Researchers: We've created a new lens that could take thermal cameras out of spy films and put them in your back pocket
Like something out of a spy movie, thermal cameras make it possible to "see" heat by converting infrared radiation into an image. They can detect infrared light given off by animals, vehicles, electrical equipment and even people—leading to specialized applications in a number of industries.
Our team at Flinders University has been working hard to turn this technology into something we can all use, and not just something we see in spy movies. We've developed a low-cost thermal imaging lens that could be scaled up and brought into the lives of everyday people. Our findings are published in the journal Advanced Optical Materials.
Thermal imaging across industries
Thermal imaging has obvious applications in surveillance and security, given its ability to detect the heat signature of people. It's not surprising defense forces all over the world use this technology—including in Australia.
In medicine, it can be used to detect tissues of a higher temperature. This means thermal cameras are useful in the non-invasive detection of tumors, which run at a higher metabolism (and temperature) than healthy tissue.
Thermal imaging even plays a crucial role in space exploration. For instance, it can be used to image distant stars, galaxies and planets, because infrared light can penetrate dust clouds much better than visible light. NASA's James Webb Space Telescope also takes infrared images—and its ability to see far "redder" wavelengths is opening up new corners of the universe for us.
Addressing the high-cost conundrum
Above are just some examples in a long list of the specialized applications of thermal imaging. Yet this technology could have many more potential uses if it wasn't so expensive to produce.
The high cost comes, in part, from the materials used to produce the camera lenses. These lenses need to have special properties that allow them to be used with infrared radiation in a way standard lenses can't.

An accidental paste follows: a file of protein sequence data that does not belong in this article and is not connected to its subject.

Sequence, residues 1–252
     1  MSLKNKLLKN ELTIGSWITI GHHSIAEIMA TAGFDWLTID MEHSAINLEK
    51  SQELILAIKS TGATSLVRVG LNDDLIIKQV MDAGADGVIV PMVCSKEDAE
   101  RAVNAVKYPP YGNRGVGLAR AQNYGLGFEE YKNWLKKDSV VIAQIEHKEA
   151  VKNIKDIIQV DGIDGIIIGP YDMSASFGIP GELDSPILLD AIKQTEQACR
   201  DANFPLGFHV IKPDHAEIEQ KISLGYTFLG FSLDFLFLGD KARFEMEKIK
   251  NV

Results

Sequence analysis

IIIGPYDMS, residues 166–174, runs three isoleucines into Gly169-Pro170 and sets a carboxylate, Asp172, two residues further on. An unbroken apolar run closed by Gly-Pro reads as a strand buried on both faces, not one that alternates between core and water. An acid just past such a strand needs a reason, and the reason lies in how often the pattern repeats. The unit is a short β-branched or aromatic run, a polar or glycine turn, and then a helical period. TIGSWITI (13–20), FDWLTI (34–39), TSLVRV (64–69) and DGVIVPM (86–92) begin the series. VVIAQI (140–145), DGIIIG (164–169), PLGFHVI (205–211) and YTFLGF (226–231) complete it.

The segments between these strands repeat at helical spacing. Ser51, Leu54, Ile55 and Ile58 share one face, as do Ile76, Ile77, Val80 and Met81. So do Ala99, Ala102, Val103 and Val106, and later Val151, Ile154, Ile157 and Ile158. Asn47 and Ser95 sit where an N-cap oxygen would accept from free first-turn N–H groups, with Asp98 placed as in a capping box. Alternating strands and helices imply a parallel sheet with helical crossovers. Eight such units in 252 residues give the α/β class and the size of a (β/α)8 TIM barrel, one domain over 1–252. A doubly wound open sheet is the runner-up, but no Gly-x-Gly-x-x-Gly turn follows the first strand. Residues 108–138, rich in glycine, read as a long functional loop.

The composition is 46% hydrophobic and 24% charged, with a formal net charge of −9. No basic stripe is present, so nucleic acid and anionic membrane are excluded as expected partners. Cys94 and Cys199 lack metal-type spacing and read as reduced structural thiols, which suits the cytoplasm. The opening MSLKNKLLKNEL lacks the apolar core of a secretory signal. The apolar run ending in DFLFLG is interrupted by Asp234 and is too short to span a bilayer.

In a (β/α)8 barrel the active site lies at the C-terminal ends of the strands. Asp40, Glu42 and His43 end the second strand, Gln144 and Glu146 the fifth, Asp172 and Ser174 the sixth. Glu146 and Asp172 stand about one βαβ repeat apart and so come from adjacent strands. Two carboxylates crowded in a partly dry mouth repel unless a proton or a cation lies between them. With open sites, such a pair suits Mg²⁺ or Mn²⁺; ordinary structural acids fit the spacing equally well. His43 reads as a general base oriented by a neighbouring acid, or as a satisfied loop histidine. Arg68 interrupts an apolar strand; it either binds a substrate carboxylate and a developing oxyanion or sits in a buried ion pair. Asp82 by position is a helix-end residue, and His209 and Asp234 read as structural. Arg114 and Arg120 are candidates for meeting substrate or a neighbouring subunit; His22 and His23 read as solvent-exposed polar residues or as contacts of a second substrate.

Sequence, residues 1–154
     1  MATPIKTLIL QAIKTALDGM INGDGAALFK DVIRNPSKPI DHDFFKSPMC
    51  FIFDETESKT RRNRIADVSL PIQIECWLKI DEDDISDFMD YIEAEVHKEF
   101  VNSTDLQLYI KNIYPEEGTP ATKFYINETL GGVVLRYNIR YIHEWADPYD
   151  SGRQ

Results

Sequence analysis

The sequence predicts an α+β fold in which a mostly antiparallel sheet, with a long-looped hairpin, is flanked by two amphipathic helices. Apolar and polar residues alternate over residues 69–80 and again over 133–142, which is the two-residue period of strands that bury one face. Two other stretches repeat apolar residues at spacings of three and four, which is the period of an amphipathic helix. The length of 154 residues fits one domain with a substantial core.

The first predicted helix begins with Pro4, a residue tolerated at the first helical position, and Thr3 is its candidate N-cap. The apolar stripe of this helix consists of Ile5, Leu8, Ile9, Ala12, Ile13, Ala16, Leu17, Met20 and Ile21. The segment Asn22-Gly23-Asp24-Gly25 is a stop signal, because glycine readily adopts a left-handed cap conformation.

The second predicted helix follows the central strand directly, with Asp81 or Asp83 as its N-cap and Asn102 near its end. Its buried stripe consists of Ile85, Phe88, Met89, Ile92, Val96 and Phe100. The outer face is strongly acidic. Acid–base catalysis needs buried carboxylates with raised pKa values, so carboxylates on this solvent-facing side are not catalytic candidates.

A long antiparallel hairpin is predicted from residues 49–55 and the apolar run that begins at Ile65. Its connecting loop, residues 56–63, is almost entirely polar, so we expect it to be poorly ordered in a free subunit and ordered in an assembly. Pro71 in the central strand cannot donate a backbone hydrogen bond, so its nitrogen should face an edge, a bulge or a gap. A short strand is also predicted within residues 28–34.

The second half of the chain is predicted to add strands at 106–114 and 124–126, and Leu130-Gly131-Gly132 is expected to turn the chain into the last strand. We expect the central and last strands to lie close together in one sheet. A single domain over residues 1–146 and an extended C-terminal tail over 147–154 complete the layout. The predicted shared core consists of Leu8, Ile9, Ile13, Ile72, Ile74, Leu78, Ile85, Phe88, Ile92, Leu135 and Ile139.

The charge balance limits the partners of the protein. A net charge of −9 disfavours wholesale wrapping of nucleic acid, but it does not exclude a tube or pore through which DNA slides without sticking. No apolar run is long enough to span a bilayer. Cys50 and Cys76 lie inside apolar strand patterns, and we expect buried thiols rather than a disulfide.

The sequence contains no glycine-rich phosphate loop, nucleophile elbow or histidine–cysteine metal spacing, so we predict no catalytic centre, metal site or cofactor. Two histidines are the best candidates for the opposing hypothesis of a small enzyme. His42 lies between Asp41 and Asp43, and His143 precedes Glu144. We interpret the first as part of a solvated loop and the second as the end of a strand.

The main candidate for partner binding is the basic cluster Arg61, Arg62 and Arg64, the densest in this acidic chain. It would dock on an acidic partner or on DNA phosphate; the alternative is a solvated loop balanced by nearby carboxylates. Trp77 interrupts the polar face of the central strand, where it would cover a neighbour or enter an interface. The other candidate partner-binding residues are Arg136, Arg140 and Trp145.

Most glasses and plastics will absorb infrared radiation, so expensive materials such as germanium or zinc selenide must be used. Both materials can be difficult to manufacture and maintain; germanium is a critical element in short supply, and zinc selenide contains toxic elements.
Our team wanted to address the lens challenge head-on. We developed a new polymer made from the low-cost and abundant building blocks of sulfur and cyclopentadiene (an organic compound that takes the form of a colorless liquid).
The cost of the raw materials for the lens we've developed is less than one cent per lens. In comparison, some germanium lenses can cost thousands of dollars.
This new sulfur-based lens can also be molded and cast into a variety of complex shapes through common techniques used in the plastics industry. These techniques are simpler and less energy-intensive than those used to create conventional infrared lenses—further reducing the cost and making the polymer more scalable.
The key to developing this material was figuring out how to use cyclopentadiene as a gas for the reaction with sulfur. By doing this, we could precisely control the composition of the resulting polymer—leading to a lens with enhanced capabilities for thermal imaging.
Despite being completely opaque to visible light, the polymer has the highest long-wave infrared transmission of any plastic that has been reported—which means it can be used with a thermal imaging camera.
The development of this material opens doors to many new thermal imaging applications that weren't possible before.
Self-driving cars could use this technology to detect pedestrians or vehicles—even in low light or fog. Or it could be used in agriculture to monitor irrigation and crop health. Importantly, it would be affordable for farmers.
The new lens is also lightweight, which is helpful for aerial imaging by drone.
Finally, it could be integrated into consumer electronics such as smartphones, computers and home automation systems, to name a few. This would enable users to take thermal images or videos at any time from their phone. It could even be used to create next-generation smoke alarms.
The advances developed in this new study have significantly reduced the barrier to using thermal imaging—and may help revolutionize how it's used in our everyday lives.
More information: Samuel J. Tonkin et al, Thermal Imaging and Clandestine Surveillance using Low‐Cost Polymers with Long‐Wave Infrared Transparency, Advanced Optical Materials (2023). DOI: 10.1002/adom.202300058